(Reuters) – International Business Machines Corp missed Wall Street estimates for quarterly revenue on Thursday, hurt by a rare sales decline in its software unit as clients shied away from longer-term deals due to pandemic-induced economic uncertainty.
The 109-year old firm is preparing to split itself into two public companies, with the namesake firm enhancing its focus on the so-called hybrid cloud, where it sees a $1 trillion market opportunity.
IBM beat profit estimates on the back of strong growth in its cloud business, and said it is confident of returning to sales growth in 2021.
That was not enough to convince traders, however, as the company’s shares dropped nearly 4% after the bell following IBM’s fourth consecutive quarter of sales decline.
“Clients are opting for shorter duration deals, which is impacting our average deal revenue size,” Chief Financial Officer James Kavanaugh told Reuters.
“Given the economic uncertainty, clients are trying to understand their business and their business volumes over a long period of time.”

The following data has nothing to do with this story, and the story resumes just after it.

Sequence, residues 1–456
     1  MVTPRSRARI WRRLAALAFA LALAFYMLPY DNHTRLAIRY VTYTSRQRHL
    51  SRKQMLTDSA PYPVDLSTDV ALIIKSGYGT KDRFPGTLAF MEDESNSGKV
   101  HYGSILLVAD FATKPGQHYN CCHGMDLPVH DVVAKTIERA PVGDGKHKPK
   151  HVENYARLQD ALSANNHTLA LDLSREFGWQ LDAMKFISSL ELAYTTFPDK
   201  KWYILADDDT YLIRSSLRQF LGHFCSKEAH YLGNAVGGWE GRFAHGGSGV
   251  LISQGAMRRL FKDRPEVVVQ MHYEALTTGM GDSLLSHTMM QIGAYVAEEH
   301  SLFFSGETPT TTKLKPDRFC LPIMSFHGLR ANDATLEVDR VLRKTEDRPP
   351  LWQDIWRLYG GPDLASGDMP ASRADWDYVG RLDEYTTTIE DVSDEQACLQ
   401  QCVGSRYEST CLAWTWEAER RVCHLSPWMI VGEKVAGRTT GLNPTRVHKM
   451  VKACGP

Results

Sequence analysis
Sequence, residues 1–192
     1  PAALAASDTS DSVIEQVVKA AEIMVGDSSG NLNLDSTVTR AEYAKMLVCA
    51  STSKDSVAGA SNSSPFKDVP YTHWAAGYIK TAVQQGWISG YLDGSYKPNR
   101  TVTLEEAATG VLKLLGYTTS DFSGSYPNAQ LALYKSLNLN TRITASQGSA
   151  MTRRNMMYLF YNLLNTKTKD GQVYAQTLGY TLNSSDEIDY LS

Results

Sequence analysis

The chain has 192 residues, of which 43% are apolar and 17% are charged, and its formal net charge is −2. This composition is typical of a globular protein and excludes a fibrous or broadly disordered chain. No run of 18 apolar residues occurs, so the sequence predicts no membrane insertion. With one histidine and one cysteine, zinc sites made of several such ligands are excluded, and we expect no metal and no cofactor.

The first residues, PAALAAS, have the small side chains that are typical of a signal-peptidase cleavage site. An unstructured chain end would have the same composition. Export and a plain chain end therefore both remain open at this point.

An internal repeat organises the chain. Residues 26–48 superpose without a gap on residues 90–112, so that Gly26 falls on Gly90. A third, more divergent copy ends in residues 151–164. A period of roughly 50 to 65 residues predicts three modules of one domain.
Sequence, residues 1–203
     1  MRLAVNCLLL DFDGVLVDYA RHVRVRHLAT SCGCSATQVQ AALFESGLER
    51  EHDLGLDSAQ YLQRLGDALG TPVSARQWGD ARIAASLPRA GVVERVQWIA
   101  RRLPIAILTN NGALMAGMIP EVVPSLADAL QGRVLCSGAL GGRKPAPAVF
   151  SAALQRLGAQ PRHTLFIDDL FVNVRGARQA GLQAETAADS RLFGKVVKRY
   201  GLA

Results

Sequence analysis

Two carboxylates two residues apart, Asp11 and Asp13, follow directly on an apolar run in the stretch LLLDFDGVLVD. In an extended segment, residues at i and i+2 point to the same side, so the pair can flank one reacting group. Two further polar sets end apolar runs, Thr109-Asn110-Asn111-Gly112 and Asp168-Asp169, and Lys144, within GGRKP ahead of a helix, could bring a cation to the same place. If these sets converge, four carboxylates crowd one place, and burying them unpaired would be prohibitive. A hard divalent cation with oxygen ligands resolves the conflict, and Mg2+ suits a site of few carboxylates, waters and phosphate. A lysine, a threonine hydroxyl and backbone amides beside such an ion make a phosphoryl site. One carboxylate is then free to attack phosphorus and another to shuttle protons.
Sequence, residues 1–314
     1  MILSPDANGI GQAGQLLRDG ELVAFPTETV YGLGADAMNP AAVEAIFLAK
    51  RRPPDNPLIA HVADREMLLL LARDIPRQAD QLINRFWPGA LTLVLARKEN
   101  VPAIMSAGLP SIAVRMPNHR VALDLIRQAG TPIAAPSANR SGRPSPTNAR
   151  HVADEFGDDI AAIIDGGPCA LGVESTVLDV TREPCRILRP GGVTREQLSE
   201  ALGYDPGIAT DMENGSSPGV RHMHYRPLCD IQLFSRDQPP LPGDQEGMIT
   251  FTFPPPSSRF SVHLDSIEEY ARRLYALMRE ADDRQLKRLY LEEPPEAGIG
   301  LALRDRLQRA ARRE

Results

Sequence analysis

Kavanaugh noted that momentum in its cloud business as well as a weaker dollar make the company confident of returning to sales growth.
Revenue from IBM’s cloud-computing business rose 10% to a record $7.5 billion during the fourth quarter.
Total revenue fell 6.5% to $20.37 billion, missing analysts’ average estimate of $20.67 billion, according to IBES data from Refinitiv. Excluding the impact from currency and business divestitures, revenue declined 8%.
Excluding items, the company earned $2.07 per share, above estimates of $1.79.
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